My papers are available online on SSRN.


Inverted Fee Structures, Tick Size, and Market Quality, Journal of Financial Economics, Forthcoming

With Carole Comerton-Forde and Zhuo Zhong [Available on SSRN] [Online Appendix]

Shaping Expectations and Coordinating Attention: The Unintended Consequences of FOMC Press Conferences, Journal of Financial and Quantitative Analysis, Forthcoming

With Oliver Boguth and Charles Martineau [Available on SSRN] [Internet Appendix]

Note: From January 2019, the Chairman of the Federal Reserve will now hold a press conference after each meeting. A postscript at the end of the paper addresses this point.

Working Papers

How is Earnings News Transmitted to Stock Prices?

With Charles Martineau

[Available on SSRN]

We study price formation around earnings announcements for S&P 1500 stocks from 2011 to 2015 to understand the relationship between liquidity and price efficiency. Earnings are announced in the after-hours market, an illiquid trading environment with low trading volume. Spreads are wider before announcements and narrow more slowly after announcements for small firms. The narrowing of spreads is driven by one side of the quote as ask (bid) prices update instantaneously after positive (negative) news. On average, pre-announcement spreads include the post-announcement midquote, leaving no profits for liquidity traders other than trading against stale quotes. Midquote prices fully reflect earnings surprises before the opening of markets even if there are no trades.

Double Bonus? Implicit Incentives for Money Managers with Explicit incentives

With Juan Sotes-Paladino

[Available on SSRN]

Using a unique dataset of performance-fee mutual funds, we examine the interaction between direct and indirect incentives in the asset management industry. A comparison of the flow-performance relationships of performance-fee and non-performance-fee funds reveals that funds with direct incentives can face substantially steeper indirect incentives. Among performance-fee funds, the flow relationship depends on the performance fee level and tends to attenuate the asymmetry in total pay for good vs. poor performance. Altogether, our findings suggest that the market favors steep but symmetric ("linear") compensation schedules for asset managers. Our results shed new light on the contracting relation between delegating investors and their portfolio managers.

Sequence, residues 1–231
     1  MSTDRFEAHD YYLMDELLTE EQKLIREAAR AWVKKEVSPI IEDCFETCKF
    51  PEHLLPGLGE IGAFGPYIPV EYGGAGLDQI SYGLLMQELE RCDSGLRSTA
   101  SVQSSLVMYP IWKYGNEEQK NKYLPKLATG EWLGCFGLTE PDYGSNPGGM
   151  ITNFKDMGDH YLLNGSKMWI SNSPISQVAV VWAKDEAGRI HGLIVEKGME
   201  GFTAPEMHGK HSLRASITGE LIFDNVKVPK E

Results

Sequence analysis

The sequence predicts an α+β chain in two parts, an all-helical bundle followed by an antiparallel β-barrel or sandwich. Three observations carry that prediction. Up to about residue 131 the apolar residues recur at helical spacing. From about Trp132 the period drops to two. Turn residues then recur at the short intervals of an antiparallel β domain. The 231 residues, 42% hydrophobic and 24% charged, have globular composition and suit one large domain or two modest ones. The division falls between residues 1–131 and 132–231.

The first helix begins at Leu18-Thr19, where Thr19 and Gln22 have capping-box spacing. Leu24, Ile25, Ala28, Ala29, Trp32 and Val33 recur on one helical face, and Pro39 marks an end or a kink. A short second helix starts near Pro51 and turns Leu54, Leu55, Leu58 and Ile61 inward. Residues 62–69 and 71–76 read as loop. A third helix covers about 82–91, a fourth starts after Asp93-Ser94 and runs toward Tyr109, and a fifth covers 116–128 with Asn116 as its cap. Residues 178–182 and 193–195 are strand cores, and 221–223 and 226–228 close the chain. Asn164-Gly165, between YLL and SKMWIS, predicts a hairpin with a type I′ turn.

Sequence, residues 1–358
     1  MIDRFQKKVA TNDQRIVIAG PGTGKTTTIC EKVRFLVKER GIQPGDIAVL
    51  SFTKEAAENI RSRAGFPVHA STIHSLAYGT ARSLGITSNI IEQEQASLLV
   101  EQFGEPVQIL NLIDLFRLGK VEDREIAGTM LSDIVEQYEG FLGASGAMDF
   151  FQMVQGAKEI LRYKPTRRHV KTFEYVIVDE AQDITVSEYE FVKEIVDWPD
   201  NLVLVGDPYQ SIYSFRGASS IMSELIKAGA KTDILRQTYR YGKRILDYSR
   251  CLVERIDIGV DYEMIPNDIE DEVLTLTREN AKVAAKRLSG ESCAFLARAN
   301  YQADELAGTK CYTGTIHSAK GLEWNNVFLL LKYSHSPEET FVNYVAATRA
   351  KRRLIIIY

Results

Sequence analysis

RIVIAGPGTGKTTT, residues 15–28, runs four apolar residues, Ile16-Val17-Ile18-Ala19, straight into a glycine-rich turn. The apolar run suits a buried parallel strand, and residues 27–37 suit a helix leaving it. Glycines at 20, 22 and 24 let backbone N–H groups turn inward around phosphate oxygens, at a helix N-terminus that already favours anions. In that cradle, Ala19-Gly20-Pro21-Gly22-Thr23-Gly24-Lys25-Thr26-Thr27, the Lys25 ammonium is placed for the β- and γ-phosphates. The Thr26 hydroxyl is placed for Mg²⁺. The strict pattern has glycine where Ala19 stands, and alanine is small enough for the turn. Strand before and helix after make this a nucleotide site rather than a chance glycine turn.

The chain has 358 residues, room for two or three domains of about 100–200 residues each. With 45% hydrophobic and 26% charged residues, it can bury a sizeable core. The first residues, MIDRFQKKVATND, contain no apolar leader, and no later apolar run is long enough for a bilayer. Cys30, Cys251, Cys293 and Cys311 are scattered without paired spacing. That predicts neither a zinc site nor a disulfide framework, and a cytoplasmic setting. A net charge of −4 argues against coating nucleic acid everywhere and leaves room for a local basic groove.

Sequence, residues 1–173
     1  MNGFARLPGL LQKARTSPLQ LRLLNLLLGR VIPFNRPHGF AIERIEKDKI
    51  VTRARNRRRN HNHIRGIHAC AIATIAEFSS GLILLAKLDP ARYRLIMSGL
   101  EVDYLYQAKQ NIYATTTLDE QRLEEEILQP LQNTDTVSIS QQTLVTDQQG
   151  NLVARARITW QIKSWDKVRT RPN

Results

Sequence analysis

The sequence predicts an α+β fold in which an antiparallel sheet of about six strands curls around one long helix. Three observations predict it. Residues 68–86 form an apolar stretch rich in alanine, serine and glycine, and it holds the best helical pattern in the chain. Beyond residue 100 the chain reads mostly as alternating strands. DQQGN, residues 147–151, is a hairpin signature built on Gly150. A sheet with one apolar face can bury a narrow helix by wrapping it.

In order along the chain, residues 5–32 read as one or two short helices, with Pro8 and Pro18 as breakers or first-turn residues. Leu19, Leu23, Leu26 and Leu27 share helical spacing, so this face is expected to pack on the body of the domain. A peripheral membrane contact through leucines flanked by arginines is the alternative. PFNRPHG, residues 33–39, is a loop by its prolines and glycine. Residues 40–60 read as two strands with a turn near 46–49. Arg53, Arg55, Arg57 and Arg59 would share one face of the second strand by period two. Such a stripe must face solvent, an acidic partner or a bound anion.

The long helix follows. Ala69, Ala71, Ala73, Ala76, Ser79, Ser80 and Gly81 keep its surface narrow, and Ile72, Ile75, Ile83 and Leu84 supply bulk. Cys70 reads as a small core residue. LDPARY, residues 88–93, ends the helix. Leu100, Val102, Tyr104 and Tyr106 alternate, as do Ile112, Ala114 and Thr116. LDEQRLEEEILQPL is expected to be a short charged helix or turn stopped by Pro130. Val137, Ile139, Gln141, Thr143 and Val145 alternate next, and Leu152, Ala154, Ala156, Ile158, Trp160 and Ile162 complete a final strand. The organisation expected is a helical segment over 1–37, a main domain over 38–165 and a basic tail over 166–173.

Do Mutual Fund Managers Adjust NAV for Stale Prices?

[Available on SSRN]

Mutual fund returns are predictable when the Net Asset Value is computed from prices that do not reflect all available information. This problem was brought to the public eye with the late trading and market timing scandal of 2003, which led to SEC intervention in 2004. Since these events, mutual fund managers have been more active in adjusting NAV, reducing predictability by about half. The simple trading strategy I present yields annual returns of 33% from 2001 to 2004 and 16% from 2005 to 2010. Even after accounting for trading restrictions in mutual funds, an arbitrager could earn annual returns of 2.73% from 2005 to 2010, suggesting the problem is not fully resolved. The main methodological contribution of this paper is to develop a filtering approach based on a state-space model that embeds the fund manager problem, thus accounting for unobserved actions of fund managers. I also show that predictability increases significantly when information sources suggested by prior literature, such as index and futures returns, are supplemented by premiums on related exchange traded funds).

Indexers and Comovement

Revise and resubmit, Financial Management

[Available on SSRN] [Online Appendix]

I introduce a general equilibrium model with active investors and indexers. Indexing causes market segmentation, and the degree of segmentation is a function of the relative wealth of indexers in the economy. Shocks to this relative wealth induce correlated shocks to discount rates of index stocks. The wealthier indexers are, the greater the resulting comovement is. I confirm empirically that S&P 500 stocks comove more with other index stocks and less with non-index stocks, and that changes in passive holdings of S&P 500 stocks predict changes in comovement of index stocks.